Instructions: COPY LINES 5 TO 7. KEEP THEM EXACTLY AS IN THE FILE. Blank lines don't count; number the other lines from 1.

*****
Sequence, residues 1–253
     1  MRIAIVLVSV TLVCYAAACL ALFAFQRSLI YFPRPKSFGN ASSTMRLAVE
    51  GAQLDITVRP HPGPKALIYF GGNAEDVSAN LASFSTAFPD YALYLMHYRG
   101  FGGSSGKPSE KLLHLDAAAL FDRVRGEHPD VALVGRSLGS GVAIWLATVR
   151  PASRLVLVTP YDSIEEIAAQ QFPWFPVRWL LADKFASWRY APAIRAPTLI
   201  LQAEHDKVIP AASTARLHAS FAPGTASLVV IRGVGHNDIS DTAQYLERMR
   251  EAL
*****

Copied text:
   151  PASRLVLVTP YDSIEEIAAQ QFPWFPVRWL LADKFASWRY APAIRAPTLI
   201  LQAEHDKVIP AASTARLHAS FAPGTASLVV IRGVGHNDIS DTAQYLERMR
   251  EAL